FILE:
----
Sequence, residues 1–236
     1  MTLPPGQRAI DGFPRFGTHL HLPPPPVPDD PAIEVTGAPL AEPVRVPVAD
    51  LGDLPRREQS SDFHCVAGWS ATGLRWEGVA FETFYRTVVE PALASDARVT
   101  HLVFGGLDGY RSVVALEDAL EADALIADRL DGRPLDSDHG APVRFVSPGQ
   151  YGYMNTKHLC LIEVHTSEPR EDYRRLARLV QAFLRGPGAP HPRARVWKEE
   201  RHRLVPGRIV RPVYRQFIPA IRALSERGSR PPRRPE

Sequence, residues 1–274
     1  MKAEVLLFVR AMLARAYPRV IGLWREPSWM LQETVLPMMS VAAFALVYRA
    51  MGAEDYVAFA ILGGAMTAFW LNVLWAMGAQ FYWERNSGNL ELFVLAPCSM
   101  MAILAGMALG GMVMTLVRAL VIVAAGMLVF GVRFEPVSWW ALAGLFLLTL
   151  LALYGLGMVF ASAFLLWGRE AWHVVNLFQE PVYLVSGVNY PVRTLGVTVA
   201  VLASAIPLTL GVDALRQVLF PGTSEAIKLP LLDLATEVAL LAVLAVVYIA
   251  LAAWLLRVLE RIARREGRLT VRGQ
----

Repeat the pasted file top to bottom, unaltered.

Sequence, residues 1–236
     1  MTLPPGQRAI DGFPRFGTHL HLPPPPVPDD PAIEVTGAPL AEPVRVPVAD
    51  LGDLPRREQS SDFHCVAGWS ATGLRWEGVA FETFYRTVVE PALASDARVT
   101  HLVFGGLDGY RSVVALEDAL EADALIADRL DGRPLDSDHG APVRFVSPGQ
   151  YGYMNTKHLC LIEVHTSEPR EDYRRLARLV QAFLRGPGAP HPRARVWKEE
   201  RHRLVPGRIV RPVYRQFIPA IRALSERGSR PPRRPE

Sequence, residues 1–274
     1  MKAEVLLFVR AMLARAYPRV IGLWREPSWM LQETVLPMMS VAAFALVYRA
    51  MGAEDYVAFA ILGGAMTAFW LNVLWAMGAQ FYWERNSGNL ELFVLAPCSM
   101  MAILAGMALG GMVMTLVRAL VIVAAGMLVF GVRFEPVSWW ALAGLFLLTL
   151  LALYGLGMVF ASAFLLWGRE AWHVVNLFQE PVYLVSGVNY PVRTLGVTVA
   201  VLASAIPLTL GVDALRQVLF PGTSEAIKLP LLDLATEVAL LAVLAVVYIA
   251  LAAWLLRVLE RIARREGRLT VRGQ